The effectiveness of treatments for exposure to a nerve agent depends on the dose, type of exposure, and the specific agents involved.2 Some nerve agents can produce irreversible effects within just a few minutes of exposure, though others take much longer.2 Exposure to soman, for example, must be treated within minutes of exposure for treatment to be effective.2 Exposure to tabun, by comparison, can be treated several hours later and be effective.2
Atropine and pralidoxime chloride are the 2 drugs used to treat nerve agent exposure.2 Diazepam (valium) or similar benzodiazepines can be used to mitigate the convulsions associated with exposure.2
Atropine1 works by counteracting the effects of the excessive amount of acetyl choline while the body works to clear the nerve agent.1,2 Pralidoxime chloride works by reversing the agent’s mechanism of action, and reactivating AChE.1,2 Early treatment with pralidoxime can prevent the otherwise irreversible nerve damage associated with exposure.1 Pralidoxime should continue to be administered for a period of time after symptoms resolve.1
Exposure to organophosphate pesticides is relatively common.13 In the US, where these pesticides are widely used, many emergency medical teams are familiar with the diagnosis and treatment of exposure and have access to atropine and pralidoxime.13 However, in widespread exposure to military nerve agents, which would likely result in multiple victims, local supplies of these drugs would be quickly depleted.13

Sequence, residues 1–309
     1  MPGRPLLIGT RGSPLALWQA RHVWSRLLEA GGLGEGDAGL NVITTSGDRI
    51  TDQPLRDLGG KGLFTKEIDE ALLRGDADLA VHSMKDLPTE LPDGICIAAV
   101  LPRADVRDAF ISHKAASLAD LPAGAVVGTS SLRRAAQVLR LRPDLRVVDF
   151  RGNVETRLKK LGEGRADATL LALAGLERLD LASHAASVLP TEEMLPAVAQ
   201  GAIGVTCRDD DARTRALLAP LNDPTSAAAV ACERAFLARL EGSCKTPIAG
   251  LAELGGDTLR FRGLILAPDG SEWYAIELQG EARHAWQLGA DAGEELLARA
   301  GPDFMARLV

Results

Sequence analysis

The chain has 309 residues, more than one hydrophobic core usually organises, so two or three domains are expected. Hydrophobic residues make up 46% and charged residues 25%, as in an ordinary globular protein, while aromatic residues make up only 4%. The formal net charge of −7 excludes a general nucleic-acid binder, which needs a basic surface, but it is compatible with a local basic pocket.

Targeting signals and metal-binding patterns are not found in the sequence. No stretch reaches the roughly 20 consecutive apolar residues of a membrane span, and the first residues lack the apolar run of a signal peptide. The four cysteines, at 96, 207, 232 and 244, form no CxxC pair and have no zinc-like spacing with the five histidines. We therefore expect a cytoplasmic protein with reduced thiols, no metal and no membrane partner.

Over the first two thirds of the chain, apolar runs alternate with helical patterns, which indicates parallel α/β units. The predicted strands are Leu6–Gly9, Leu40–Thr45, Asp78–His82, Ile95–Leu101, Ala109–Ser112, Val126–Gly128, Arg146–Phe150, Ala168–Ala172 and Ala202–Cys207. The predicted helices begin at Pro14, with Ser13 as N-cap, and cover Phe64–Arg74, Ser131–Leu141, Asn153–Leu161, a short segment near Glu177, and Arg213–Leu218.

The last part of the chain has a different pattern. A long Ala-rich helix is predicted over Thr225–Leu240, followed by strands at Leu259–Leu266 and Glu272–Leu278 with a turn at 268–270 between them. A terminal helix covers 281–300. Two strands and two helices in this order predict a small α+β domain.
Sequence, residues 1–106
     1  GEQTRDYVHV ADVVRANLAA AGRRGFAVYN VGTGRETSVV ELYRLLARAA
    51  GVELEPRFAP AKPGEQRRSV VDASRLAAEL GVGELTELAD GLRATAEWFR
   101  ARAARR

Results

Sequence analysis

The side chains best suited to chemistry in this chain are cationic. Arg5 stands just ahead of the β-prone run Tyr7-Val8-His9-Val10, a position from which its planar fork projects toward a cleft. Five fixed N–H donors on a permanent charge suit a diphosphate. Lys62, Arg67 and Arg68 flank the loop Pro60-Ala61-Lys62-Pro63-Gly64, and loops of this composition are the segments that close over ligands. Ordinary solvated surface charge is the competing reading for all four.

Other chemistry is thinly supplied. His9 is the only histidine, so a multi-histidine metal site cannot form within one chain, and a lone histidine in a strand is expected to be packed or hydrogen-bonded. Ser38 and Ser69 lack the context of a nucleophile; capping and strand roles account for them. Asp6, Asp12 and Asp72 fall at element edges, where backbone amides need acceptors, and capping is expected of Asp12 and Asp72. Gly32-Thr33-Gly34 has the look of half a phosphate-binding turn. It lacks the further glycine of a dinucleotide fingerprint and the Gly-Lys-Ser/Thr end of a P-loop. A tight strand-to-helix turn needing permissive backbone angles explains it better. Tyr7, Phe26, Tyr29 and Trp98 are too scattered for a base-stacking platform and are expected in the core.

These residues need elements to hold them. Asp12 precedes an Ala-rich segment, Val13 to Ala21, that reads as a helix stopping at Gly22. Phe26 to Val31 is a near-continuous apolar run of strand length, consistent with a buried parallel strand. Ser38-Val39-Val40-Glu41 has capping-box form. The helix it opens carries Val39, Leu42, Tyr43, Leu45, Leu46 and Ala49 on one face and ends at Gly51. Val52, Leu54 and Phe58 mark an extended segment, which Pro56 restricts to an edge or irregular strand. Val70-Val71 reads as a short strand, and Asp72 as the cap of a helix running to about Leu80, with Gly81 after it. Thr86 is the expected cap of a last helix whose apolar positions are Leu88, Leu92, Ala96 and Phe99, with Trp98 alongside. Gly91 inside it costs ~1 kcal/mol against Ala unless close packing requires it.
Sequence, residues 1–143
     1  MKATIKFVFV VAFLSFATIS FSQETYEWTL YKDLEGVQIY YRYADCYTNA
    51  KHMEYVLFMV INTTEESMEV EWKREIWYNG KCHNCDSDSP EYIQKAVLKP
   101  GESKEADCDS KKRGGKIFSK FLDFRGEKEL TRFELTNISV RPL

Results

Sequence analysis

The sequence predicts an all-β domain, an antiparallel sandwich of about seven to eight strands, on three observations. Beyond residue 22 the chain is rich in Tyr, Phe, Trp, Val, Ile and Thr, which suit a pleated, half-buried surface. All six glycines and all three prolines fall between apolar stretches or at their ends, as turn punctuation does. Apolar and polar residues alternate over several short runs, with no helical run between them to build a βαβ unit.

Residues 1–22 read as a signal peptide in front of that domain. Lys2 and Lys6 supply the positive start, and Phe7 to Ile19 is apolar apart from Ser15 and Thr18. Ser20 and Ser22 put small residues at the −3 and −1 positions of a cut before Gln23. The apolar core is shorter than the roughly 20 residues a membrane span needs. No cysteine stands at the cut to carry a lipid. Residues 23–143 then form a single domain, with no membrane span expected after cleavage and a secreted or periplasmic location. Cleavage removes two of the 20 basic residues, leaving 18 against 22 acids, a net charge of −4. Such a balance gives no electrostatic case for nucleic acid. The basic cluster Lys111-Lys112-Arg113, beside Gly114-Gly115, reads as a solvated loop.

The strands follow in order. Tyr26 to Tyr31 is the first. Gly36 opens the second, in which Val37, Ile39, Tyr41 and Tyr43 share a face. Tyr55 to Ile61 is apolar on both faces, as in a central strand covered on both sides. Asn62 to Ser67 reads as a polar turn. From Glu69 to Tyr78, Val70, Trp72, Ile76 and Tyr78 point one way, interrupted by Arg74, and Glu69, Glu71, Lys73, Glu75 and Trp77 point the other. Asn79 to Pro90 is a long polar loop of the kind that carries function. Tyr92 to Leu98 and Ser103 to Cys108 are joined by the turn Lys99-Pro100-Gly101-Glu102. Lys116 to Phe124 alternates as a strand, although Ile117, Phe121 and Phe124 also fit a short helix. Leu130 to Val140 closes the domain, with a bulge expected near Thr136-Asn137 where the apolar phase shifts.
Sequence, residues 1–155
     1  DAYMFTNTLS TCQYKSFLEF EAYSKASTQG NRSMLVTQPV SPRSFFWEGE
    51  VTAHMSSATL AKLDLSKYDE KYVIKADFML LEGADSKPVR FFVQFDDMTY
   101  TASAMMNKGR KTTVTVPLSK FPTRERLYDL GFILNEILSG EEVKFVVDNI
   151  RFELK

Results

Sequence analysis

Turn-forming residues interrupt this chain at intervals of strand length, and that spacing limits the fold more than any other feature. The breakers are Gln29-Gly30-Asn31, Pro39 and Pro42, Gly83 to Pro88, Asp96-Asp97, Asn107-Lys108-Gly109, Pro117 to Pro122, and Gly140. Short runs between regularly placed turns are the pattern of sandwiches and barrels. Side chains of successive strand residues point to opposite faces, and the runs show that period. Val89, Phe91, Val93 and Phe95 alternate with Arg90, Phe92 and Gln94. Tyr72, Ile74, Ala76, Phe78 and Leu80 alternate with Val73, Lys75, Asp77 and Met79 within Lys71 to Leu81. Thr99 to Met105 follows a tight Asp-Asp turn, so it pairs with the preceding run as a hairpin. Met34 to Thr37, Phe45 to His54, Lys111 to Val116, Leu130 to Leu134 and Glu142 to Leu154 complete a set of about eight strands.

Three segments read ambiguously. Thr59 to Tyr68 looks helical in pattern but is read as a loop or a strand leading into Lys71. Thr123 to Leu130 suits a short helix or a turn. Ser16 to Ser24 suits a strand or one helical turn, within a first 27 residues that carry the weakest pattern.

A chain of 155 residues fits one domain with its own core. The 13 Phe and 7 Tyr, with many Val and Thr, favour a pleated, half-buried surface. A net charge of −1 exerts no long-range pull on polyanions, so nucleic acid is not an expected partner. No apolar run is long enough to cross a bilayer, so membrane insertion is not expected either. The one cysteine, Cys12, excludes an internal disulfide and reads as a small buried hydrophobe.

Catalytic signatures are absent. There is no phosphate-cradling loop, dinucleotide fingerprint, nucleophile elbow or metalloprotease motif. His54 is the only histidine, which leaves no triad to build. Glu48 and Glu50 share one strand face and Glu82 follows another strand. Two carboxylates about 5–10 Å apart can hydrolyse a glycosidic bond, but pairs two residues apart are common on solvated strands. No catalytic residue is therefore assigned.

Further protective measures against nerve agents include gas masks and protective clothing.4 Soldiers who are at risk of exposure to nerve agents will often carry atropine and pralidoxime injectors in an antidote kit, so as to be able to have quick access to treatment if they are exposed.2,4 Iranian troops were known to carry atropine injectors during the Iran-Iraq War,4 and US troops carried both of these drugs in their antidote kits during the Persian Gulf War.2
Some drugs, such as pyridostigmine bromide, can serve as prophylaxis. Prophylactic treatment with pyridostigmine bromide may allow for a longer treatment window after exposure to nerve agents,2 and may improve survival rates.1